No More Benzocaine (Orajel, Anbesol and others) for kids!

Baby Orajel          Baby Anbesol

This week the FDA took a more firm approach to stopping the use of benzocaine-containing products in children.  Long sold as topical medicines for mouth pain such as teething and canker sores, these medicines are also known to cause an uncommon condition called methemoglobinemia.  In this condition, benzocaine reacts with the hemoglobin in a person’s red blood cells, preventing the uptake and transport of oxygen.  Symptoms can include blue or gray appearance of the face/lips, fingers, and mucous membranes.  As the blood can carry less oxygen, there is a risk of organ damage and suffocation.  The reaction can be immediate or can occur within several hours of medication use and can occur even with a tiny dose, even in people who have used the product safely in the past.

The small chance of developing methemoglobinemia while using benzocaine has long been known, and many doctors for years have recommended against using these medicines, but the FDA announcement goes further, and likely will be the end of these products for pediatric patients.  If a manufacturer continues to sell one of these products, the FDA states it would take “regulatory action”, but it is unlikely that anyone will continue making these products for pediatric use given the FDA’s clear and firm restriction.  Commonly sold brands include Orajel, Anbesol, Cepacol, and Hurricaine, as well as private-label versions.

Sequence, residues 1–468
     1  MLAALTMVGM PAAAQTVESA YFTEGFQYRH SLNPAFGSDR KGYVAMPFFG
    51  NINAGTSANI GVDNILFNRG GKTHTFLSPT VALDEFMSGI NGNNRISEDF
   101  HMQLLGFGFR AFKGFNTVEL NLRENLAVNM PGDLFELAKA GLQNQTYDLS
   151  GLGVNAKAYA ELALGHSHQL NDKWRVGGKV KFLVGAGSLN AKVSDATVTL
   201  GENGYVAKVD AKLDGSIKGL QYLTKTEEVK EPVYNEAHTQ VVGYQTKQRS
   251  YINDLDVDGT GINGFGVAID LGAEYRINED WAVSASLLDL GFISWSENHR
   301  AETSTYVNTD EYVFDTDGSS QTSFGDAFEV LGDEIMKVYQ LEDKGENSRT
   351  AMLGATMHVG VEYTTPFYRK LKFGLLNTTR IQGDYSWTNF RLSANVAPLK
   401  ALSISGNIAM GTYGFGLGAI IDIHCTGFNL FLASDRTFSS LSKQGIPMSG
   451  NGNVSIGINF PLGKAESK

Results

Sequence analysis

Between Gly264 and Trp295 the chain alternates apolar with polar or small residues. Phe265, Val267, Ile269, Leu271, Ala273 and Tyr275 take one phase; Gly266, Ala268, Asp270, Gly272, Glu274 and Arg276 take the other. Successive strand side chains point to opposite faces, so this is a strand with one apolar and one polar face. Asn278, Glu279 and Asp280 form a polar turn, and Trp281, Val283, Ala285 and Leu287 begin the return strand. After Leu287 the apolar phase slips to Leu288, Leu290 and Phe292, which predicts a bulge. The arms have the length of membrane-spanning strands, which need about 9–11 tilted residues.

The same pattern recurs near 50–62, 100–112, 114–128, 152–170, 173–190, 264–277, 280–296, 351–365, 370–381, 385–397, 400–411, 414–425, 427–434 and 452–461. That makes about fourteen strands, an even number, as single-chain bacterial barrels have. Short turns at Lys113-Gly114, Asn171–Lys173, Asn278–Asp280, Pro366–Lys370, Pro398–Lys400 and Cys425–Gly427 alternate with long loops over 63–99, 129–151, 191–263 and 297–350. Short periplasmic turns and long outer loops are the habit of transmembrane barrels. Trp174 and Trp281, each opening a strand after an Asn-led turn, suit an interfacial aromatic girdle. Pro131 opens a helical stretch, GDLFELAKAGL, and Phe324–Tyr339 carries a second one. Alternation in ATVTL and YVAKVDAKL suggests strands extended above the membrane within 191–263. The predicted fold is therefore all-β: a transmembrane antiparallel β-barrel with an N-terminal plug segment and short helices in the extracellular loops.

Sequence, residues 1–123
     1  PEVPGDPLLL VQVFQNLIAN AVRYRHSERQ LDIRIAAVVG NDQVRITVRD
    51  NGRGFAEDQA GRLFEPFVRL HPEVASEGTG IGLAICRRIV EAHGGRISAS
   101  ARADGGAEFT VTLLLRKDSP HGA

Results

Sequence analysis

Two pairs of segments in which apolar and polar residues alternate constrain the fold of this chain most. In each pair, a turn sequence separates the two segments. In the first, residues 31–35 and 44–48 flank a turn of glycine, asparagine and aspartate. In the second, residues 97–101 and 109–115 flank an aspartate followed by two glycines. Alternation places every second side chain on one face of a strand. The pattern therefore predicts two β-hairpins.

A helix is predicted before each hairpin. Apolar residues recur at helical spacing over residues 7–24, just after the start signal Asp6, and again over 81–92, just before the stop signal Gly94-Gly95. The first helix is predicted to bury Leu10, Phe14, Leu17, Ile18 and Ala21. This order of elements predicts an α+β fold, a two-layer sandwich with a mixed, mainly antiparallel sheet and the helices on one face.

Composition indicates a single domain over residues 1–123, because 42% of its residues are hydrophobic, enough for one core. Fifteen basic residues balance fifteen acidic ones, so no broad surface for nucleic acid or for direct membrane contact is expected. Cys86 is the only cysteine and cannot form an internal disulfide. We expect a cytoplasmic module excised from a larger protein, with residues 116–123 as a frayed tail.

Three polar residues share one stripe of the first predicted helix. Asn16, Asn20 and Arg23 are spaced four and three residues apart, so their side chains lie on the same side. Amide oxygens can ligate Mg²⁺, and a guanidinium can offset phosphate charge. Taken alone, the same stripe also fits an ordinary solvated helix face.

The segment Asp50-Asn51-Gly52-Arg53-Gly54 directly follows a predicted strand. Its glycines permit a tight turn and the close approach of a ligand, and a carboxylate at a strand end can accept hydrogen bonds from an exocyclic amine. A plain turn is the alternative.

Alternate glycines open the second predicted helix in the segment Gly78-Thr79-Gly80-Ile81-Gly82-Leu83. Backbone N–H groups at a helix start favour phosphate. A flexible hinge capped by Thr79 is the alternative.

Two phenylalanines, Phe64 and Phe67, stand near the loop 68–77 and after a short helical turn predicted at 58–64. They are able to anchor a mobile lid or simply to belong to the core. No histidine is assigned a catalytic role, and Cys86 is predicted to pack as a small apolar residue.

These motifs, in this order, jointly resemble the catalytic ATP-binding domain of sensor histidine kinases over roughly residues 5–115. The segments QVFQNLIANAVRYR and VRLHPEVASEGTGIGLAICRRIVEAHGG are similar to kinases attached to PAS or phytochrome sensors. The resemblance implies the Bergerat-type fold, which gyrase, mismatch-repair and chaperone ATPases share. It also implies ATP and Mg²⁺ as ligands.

The FDA has also in the past recommended against the use of homeopathic teething medications being sold as benzocaine alternatives, as some had been found to contain small amounts of some ingredients (including belladonna) that can cause neurological, respiratory, and musculoskeletal system complications, including potentially seizures.

Instead of using teething medication, the AAP recommends using hard rubber chew toys for babies and toddlers to gnaw on.  These can be kept cold (but not frozen) to help even more.  Use of acetaminophen or ibuprofen is not recommended as teething can last for a prolonged period of time and these medicines are not meant for chronic use.

The new restriction is for children only.  Adults can still use these products but likely there will need to be new safety warnings on the packaging.

 

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Author: marcgrella

Primary care pediatrician; vaccine advocate; hunger fighter; refugee supporter.

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